So, I put to you this theory:

    (1) Comments that a lack of interest in inflation means people have advantageous private sources of cash to render the concern about inflation irrelevant
    (2) A discussion about the nature of pricing means people don’t mind paying more

    Is this a reflection of reality, or a statement of prejudice?

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  • HPC: My point it one about economics, not personal choice.

    I think it is safe to say that most people would happily pay less for what they buy. There are people with more tolerance to pay more – and this is a factor of perceived or actual need. For some, it’s milk they want, for others, it’s a bottle of scotch.

    Some people will also not buy a product because it is too cheap. Others have to buy because they have dependency issues impairing rational consumer behaviour – like drugs, or controvertially, the feel good factor: The people that ignore the credit card statements and keep on buying.

    It’s called price elasticity. I will pay more if I “have” to have it – ultimately regardless of if I like the price or not. If goods with high inelasticity go up in price – the price gets paid and other items on the list that I don’t need don’t get bought. This is NOT inflation.

    So, I put to you this theory:

    (1) Comments that a lack of interest in inflation means people have advantageous private sources of cash to render the concern about inflation irrelevant
    (2) People discussing the theory of pricing means they don’t mind paying more

    Is this a reflection of reality, or a statement of prejudice?

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  • 16.

    or lordarses too big to succeed.

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  • Sorry if my humour was too subtle there. That whole comment was written firmly tongue in cheek.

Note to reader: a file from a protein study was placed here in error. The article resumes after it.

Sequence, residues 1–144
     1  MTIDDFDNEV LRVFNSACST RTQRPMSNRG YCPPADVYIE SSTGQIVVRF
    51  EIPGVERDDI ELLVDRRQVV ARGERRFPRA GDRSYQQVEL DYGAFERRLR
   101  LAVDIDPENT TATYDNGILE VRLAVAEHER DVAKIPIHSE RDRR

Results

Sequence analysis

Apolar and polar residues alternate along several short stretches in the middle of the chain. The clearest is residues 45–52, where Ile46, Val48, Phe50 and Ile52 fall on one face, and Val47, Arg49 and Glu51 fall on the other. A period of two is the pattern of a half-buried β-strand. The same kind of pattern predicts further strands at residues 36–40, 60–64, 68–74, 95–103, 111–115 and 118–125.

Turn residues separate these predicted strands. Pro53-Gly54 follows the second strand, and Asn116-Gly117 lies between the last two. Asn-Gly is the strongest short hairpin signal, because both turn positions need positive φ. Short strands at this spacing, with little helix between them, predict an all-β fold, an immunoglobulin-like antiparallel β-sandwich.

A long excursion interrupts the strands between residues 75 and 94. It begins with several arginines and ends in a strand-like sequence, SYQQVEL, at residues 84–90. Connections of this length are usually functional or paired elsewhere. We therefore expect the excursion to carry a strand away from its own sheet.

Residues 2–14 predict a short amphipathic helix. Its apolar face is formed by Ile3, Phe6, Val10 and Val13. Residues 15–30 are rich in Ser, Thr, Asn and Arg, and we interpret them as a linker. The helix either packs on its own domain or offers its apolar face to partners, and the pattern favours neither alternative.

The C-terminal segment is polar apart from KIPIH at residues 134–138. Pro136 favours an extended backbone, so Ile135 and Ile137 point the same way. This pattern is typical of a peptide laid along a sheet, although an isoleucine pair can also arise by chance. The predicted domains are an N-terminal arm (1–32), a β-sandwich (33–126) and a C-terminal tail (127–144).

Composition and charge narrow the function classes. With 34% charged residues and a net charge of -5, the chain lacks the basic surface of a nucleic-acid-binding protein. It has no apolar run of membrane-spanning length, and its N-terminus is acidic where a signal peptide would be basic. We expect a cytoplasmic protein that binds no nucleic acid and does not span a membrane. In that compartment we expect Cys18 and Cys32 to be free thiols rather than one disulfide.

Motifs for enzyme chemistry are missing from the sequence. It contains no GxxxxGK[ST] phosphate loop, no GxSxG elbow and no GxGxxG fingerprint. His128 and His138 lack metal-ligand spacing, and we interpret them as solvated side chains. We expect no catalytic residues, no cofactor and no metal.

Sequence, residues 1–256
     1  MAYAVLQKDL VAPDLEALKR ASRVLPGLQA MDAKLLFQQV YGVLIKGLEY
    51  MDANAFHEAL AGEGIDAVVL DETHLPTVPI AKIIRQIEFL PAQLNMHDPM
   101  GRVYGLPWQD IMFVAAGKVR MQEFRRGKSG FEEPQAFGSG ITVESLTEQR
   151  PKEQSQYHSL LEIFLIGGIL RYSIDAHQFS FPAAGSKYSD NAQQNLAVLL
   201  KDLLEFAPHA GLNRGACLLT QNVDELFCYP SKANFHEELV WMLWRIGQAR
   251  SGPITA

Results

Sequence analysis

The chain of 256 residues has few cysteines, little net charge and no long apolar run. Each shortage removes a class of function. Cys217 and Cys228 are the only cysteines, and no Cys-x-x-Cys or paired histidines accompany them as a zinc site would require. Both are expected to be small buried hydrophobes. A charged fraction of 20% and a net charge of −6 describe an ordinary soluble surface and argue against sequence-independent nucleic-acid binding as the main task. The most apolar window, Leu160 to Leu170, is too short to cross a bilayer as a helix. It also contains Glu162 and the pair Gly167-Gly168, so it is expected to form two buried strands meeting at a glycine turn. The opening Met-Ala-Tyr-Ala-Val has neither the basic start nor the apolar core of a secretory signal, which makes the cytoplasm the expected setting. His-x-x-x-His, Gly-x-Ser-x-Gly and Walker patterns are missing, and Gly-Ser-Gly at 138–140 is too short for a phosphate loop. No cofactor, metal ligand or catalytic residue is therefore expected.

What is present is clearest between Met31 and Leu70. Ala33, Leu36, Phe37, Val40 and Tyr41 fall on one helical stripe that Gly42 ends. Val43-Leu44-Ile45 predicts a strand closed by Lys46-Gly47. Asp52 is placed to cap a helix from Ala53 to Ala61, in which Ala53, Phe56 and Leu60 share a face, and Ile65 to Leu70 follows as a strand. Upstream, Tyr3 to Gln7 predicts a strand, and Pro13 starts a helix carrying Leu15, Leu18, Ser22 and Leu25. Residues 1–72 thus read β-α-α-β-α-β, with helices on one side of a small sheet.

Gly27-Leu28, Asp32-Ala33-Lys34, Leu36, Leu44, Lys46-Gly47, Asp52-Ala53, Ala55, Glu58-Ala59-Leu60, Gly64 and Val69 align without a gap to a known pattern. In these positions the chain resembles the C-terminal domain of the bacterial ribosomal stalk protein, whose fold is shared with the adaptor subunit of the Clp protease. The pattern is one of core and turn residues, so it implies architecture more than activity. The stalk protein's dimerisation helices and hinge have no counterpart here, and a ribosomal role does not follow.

For the record I STR’d in late 2006 because I thought the market was getting overheated and the bank of mum and dad is firmly closed! Like many here I didn’t anticipate Labour’s willingness to mortgage the entire country and I didn’t anticipate the country’s desire to lap it up.

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  • (1) Comments that a lack of interest in inflation means people have advantageous private sources of cash to render the concern about inflation irrelevant
    (2) People discussing the theory of pricing means they don’t mind paying more

    You are regarding these things in isolation, which is fine, but they need to be regarded within the context of the general economy. Fifty pence added to the price of a pint of milk may be okay, if you are able to cut back on adding to your DVD collection, or are even happy to switch from Heinz baked beans to a supermarkets own brand label….but if you have a big mortgage and are worried about losing your job, then fifty pence can be a big deal.
    Each one of these small things can add up to a big thing. I have a close friend and he is absolutely going off his head at the amount at which prices are rising – he has a family, with 2 children – and he has begun to ration his weekly spend to a certain amount, which he carries in cash – he won’t carry cards as he finds it too easy to over spend and go over the weekly spending limit.

    Talking about these concepts is fine in the abstract, but in the real world they seldom come alone and must be considered within the context of the general economy and environment.